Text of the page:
Hucs, key in an emergency call for wingmen Grande and Makato. Tell them to get their butts back here, flank!

the computer said aloud, as the words scrolled along the bottom of the DMR casement.

Give me a scan of their defense system, and all possible ordnance arrays, he ordered. There was time for a computer reconnaissance; it would take the pirates three minutes to pass within firing range.

When the assessment came in, Alex pondered it, and made a quick decision.

I want fore shields at maximum, tap the aft, fifty percent on laterals. Charge two long-distance mantas, and key up maser cannon for close proximity. Confirm!

The clock signaled the pirates would be in range in one minute, forty-one seconds. An indicator light on the DMR casement flashed.

Give me a zero-minus thirty projection of their position, Alex told Hucs. I want to preempt their attack, see how they react. Target wing men only, leave the leader for maser cannon.

the computer replied.

A nanosecond later, targeting coordinates appeared on the DMR. Alex knew that the computer never took into account the human reaction to being under fire; the parameters were too great. That was why the ships had to have human pilots.

Once the pirates’ scanners detected two deadly manta warheads approaching, they would split and try to separate the mantas; the ship not targeted would then try to disable the mantas with its own ordnance. In the case of the Ronge Pirates, they used standard laser repeaters; not as deadly as maser cannons, but ultimately quicker on the draw. Alex had something in store for them after that, a surprise he had been working over in his mind since his last melee.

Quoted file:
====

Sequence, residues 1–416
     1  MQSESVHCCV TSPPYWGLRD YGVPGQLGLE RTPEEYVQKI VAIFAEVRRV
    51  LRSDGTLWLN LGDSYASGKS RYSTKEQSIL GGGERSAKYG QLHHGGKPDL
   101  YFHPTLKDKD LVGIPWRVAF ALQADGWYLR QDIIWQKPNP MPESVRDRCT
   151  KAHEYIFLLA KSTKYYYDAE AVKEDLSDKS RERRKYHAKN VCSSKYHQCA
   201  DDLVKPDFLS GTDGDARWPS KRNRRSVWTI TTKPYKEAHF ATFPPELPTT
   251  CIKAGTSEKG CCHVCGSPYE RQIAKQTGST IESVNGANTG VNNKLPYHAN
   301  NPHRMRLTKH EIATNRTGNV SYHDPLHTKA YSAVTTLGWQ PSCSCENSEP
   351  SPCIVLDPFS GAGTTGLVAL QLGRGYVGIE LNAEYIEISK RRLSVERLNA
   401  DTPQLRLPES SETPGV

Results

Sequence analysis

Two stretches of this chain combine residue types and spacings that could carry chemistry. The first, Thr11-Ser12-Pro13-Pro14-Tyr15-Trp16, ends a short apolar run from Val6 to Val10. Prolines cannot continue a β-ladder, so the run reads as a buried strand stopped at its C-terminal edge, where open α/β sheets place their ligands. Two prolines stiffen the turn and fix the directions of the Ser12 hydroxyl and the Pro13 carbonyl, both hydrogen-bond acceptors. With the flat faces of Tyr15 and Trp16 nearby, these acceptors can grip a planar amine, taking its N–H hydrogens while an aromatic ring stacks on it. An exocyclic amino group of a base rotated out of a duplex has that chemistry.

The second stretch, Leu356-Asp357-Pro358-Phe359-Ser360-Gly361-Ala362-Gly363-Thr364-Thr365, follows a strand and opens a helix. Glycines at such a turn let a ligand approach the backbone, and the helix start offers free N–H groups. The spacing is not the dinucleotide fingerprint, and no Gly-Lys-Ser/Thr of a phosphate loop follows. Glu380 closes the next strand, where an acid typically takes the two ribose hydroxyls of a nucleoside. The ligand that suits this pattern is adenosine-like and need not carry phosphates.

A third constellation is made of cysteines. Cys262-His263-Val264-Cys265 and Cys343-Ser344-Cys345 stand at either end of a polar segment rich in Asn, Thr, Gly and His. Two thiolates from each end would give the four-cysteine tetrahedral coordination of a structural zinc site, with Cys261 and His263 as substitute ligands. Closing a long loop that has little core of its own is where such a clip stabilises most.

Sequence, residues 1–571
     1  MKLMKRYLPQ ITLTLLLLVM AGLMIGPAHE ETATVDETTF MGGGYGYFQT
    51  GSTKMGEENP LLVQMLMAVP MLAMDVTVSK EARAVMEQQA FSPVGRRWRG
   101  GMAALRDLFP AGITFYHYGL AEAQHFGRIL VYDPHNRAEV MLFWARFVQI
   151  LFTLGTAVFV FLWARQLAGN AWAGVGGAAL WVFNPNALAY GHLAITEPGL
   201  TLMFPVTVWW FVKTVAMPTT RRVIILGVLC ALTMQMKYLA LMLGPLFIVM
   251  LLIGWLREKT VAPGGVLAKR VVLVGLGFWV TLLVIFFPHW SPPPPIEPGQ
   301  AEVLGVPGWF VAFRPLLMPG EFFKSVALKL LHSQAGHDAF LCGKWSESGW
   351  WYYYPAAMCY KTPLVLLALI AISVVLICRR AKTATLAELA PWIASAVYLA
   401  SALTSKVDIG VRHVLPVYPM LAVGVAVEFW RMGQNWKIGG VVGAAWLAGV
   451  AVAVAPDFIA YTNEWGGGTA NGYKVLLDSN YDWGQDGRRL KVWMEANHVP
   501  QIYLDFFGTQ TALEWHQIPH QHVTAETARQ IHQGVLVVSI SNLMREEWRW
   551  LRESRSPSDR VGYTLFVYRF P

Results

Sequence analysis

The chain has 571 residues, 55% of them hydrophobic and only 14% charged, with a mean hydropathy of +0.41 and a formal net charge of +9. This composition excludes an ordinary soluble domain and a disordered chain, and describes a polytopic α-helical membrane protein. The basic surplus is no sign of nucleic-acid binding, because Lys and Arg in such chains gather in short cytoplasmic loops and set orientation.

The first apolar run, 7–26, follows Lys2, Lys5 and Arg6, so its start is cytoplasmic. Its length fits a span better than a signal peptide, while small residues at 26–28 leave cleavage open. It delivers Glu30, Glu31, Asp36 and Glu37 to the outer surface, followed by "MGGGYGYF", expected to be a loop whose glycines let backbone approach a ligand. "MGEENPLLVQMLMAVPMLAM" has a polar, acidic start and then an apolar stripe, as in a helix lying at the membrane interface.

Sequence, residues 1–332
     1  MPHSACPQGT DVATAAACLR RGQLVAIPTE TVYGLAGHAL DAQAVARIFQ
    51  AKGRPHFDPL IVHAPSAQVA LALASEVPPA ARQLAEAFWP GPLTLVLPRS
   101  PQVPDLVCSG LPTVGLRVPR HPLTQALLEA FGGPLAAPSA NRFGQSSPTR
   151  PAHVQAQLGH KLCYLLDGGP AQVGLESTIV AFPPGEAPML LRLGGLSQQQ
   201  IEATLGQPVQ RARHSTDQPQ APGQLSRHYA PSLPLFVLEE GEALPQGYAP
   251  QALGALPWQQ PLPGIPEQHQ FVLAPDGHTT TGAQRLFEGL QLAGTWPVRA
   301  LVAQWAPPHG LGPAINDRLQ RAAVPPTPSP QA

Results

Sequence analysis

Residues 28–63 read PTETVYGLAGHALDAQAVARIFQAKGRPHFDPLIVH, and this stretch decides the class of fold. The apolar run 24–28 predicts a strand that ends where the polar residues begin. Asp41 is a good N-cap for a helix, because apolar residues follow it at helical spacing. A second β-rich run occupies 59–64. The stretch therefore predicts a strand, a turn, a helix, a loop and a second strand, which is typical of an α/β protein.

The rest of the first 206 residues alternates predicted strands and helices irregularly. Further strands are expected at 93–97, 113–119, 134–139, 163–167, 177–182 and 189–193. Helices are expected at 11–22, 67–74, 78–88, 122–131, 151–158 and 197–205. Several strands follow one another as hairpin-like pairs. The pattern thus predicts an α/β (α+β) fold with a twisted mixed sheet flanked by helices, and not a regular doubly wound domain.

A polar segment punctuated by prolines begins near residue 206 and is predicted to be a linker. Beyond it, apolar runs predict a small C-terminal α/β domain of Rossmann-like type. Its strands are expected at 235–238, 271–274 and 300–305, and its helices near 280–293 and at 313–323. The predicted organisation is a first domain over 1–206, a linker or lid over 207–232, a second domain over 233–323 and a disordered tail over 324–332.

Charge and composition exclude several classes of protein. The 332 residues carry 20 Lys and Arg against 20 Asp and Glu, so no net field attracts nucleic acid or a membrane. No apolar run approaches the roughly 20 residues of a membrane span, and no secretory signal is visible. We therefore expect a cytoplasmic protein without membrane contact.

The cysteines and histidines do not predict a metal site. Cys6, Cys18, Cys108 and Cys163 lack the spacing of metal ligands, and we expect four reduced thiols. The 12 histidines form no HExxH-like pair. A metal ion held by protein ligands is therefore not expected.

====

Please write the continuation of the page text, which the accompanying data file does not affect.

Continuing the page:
Hucs, alter coordinates for manta 1 to 118.12.335; manta 2 to 136.53.799. Confirm and launch.

Before the mantas were halfway to their destination, a message icon flashed in the upper corner of the DMR screen, and Hucs’ redundancy told him:

Expecting it to be his wingmen reporting back and informing him they would be joining the fray, Alex was surprised when the voice that came over the septaphonics was female; he recognized it immediately.

Alex, his mother said, "We’re ready to go outside. Come say good-bye."

Hucs: Pause; Save, Alex told the program, and his game stopped play in mid-attack. He would have to continue later.

He took off his thought-link and ocular caps, as well as the septaphonic ear-mask that his mother made him use when his parents were in the TAHU. He left his personal cubicle in search of his mother and father, and sauntered into the communal area of the Temporary Asteroidal Habitation Unit.

There was a great show of nonchalance in his demeanor and his stride. He was trying hard not to care that he was once again going to be left alone for hours on end with, by his estimation, nothing to do. He gave a casual flick of his head, whipping his long hair back.

His parents granted him certain privileges on his last birthday. To test the limitations of his new responsibilities, they gave him the choice of how to keep his hair. He decided to grow it long and forestall a hair cut from the programmed valet servochine. Proud of the length of his hair, he took great pains to perfect the toss of his head to the side. The maneuver kept his bangs out of his eyes and elicited a disapproving frown from his parents. He liked to remind them that it had been his decision to boycott the traditional cut.

His mother knew his equanimity was a façade. He knew his mother knew it was a façade. He still acted as if he didn’t care that both of his parents had to leave again for the day to go to the site. Inside, he hated it when they left him alone in the small TAHU with only his uplink to the EarthMesh as company.